Thoughtful and broad-based planning is the foundation for wise use and management of Minnesota's ground-water resources. Effective water planning must match a variety of resource questions with appropriate types of data. The ability to understand ground water is limited because ground water is an "unseen" resource. We must rely on information from single points, such as individual monitoring wells, to piece together the resource picture. Hundreds of thousands of single point observations about Minnesota's ground water have been generated by government and the private sector. These data must be arranged and maintained in storage and retrieval libraries if they are to be used efficiently to answer ground-water questions. Data, however, are merely the tools for decision-making; this cannot be overemphasized. Data arrangement showing ground-water conditions will affect how a water management question is perceived, as well as how accurately or completely it can be answered. Appropriately designed data bases are the best means to ensure that all available ground-water information is used to portray conditions realistically. This booklet is an introduction to the use of existing data systems and the integration and development of data management systems into water planning.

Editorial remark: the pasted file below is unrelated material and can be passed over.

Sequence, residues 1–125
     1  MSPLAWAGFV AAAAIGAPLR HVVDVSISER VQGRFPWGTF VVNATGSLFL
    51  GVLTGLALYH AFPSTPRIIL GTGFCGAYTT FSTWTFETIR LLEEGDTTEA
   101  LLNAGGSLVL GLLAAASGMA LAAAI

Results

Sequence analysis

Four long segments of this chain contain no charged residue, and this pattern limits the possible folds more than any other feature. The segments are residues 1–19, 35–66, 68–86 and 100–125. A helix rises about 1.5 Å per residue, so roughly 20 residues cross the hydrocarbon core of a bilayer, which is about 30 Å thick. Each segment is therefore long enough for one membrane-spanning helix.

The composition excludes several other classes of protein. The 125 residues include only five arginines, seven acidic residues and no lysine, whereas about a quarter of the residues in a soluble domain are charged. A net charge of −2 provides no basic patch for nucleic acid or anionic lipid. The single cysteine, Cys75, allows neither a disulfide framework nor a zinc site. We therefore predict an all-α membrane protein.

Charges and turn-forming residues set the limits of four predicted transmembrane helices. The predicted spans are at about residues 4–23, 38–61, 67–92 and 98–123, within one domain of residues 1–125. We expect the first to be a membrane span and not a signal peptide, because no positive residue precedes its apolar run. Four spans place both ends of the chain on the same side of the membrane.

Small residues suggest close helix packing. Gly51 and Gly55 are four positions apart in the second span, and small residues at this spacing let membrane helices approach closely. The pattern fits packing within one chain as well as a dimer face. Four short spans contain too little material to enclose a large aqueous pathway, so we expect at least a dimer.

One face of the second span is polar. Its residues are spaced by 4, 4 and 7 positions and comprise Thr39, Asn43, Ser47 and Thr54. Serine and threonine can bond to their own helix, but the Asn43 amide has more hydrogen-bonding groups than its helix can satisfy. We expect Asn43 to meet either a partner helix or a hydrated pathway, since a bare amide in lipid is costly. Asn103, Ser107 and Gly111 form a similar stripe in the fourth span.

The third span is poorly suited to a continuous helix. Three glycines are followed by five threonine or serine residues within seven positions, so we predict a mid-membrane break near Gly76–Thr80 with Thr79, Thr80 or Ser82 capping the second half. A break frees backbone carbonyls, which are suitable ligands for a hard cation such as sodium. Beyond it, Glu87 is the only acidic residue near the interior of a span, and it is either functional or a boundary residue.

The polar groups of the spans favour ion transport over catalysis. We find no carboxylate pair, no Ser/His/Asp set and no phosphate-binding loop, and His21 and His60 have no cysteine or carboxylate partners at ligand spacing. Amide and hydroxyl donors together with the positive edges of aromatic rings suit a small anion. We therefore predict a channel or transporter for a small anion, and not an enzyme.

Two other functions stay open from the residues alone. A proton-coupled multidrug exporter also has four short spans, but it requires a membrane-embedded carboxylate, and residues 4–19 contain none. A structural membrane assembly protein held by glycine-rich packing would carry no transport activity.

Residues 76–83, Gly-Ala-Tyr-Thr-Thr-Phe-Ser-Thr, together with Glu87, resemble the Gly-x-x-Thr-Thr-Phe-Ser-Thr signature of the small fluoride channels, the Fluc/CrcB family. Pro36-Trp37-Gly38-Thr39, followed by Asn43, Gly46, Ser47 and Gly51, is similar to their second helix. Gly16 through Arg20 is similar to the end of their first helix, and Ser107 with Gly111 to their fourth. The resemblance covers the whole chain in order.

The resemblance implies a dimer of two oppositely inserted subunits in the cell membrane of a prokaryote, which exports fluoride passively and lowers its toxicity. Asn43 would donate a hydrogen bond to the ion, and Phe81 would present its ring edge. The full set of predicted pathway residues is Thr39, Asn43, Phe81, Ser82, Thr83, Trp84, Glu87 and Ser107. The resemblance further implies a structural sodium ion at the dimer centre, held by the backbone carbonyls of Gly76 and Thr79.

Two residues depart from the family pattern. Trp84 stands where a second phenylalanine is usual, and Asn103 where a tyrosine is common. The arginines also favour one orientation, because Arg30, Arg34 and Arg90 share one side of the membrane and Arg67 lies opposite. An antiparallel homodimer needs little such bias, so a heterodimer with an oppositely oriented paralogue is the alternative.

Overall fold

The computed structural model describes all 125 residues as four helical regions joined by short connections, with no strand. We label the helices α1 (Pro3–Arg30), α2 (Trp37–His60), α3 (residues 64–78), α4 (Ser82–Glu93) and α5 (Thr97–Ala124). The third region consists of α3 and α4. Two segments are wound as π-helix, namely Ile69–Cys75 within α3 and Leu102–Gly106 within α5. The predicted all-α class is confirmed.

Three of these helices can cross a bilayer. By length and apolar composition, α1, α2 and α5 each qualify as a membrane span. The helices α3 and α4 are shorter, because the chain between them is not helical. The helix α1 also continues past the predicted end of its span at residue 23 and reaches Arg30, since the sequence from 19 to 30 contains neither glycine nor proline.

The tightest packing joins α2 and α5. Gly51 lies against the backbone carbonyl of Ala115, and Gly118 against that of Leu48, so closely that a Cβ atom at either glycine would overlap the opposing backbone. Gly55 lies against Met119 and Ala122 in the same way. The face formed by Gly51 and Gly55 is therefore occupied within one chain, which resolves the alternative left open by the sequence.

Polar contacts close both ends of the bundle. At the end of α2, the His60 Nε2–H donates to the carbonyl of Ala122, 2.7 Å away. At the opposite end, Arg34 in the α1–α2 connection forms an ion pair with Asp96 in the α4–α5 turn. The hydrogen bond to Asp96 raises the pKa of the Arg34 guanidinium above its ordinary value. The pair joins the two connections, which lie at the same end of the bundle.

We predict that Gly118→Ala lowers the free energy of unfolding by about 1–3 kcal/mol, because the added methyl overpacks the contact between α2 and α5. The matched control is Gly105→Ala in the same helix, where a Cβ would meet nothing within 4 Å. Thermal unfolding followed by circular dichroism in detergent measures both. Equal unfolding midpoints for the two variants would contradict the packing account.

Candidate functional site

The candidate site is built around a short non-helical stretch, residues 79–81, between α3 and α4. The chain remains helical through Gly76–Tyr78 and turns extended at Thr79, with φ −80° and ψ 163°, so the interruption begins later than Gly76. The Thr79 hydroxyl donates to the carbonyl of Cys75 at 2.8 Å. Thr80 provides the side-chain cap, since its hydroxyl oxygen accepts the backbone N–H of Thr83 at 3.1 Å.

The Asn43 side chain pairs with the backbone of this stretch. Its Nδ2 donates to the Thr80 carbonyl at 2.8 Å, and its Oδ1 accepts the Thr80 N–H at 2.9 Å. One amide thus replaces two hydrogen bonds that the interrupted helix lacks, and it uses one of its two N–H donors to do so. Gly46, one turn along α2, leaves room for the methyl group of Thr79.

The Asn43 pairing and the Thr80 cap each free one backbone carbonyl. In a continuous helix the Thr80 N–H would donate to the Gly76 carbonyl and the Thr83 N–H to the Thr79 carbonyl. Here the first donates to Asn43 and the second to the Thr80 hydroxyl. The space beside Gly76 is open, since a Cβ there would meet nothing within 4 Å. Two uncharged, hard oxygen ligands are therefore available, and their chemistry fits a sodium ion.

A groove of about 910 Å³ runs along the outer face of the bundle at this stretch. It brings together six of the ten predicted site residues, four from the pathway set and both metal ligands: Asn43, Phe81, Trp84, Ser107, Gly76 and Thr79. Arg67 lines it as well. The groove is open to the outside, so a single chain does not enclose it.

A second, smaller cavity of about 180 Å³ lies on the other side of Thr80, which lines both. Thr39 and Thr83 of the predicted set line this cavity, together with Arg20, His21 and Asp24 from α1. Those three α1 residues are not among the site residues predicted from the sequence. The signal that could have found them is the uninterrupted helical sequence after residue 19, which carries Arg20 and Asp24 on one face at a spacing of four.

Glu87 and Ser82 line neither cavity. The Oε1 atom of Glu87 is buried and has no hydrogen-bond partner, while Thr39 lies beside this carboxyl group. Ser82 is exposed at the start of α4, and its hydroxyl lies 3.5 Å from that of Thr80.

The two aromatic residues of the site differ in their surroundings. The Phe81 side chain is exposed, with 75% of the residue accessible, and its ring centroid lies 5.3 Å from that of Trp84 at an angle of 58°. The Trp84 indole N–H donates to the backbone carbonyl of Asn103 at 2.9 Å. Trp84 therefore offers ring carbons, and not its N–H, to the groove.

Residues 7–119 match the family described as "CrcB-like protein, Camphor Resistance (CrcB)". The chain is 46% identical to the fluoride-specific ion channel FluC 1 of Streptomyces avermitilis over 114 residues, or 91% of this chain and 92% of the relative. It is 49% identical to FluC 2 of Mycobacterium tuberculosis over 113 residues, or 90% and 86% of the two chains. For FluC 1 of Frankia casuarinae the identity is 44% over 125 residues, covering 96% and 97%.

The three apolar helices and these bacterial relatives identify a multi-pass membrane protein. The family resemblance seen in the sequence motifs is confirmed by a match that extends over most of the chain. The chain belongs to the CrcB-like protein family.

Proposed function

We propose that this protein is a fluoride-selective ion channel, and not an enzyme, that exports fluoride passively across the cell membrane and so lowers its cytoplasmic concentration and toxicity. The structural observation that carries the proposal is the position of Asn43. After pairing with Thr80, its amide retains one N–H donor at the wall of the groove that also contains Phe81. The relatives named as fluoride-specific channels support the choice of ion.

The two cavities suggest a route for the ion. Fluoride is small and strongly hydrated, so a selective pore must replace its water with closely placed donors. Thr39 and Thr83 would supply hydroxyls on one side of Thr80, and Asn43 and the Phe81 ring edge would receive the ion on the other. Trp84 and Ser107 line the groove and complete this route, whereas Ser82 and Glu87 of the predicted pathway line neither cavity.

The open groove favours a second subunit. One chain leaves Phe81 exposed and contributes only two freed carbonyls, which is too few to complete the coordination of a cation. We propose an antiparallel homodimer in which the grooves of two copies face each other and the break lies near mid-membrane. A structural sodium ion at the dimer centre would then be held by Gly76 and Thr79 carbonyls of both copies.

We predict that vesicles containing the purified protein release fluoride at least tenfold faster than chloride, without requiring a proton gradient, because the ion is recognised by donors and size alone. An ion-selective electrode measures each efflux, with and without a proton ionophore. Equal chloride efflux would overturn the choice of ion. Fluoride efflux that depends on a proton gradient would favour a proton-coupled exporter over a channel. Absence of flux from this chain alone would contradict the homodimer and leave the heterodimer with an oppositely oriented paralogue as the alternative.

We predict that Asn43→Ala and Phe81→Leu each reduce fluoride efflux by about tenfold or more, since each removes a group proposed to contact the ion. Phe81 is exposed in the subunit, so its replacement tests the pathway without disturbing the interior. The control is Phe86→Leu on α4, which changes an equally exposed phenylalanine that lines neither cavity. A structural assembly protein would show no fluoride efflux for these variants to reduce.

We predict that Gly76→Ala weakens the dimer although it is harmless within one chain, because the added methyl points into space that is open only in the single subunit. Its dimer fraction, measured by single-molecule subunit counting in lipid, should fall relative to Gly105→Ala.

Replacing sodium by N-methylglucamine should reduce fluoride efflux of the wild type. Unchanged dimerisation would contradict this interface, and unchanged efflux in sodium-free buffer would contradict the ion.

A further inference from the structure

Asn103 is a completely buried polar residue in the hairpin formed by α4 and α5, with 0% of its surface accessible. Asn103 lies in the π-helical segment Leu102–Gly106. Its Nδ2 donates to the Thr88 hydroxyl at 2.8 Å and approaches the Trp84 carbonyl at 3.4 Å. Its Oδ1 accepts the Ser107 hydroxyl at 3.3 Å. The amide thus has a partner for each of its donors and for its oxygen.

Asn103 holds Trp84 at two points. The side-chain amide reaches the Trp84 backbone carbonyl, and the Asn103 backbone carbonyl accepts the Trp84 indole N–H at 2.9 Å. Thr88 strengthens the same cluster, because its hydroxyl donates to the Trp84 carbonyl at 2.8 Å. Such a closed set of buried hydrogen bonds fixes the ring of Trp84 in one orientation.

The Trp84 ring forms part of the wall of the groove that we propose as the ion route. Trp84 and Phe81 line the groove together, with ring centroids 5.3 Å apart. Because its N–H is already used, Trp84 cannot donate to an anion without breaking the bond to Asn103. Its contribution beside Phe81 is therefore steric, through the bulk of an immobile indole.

Olsen, Bruce M.; Mohring, Eric H.; Bloomgren, Patricia A..
Educational Series 8. Using Ground-Water Data for Water Planning.
Minnesota Geological Survey.
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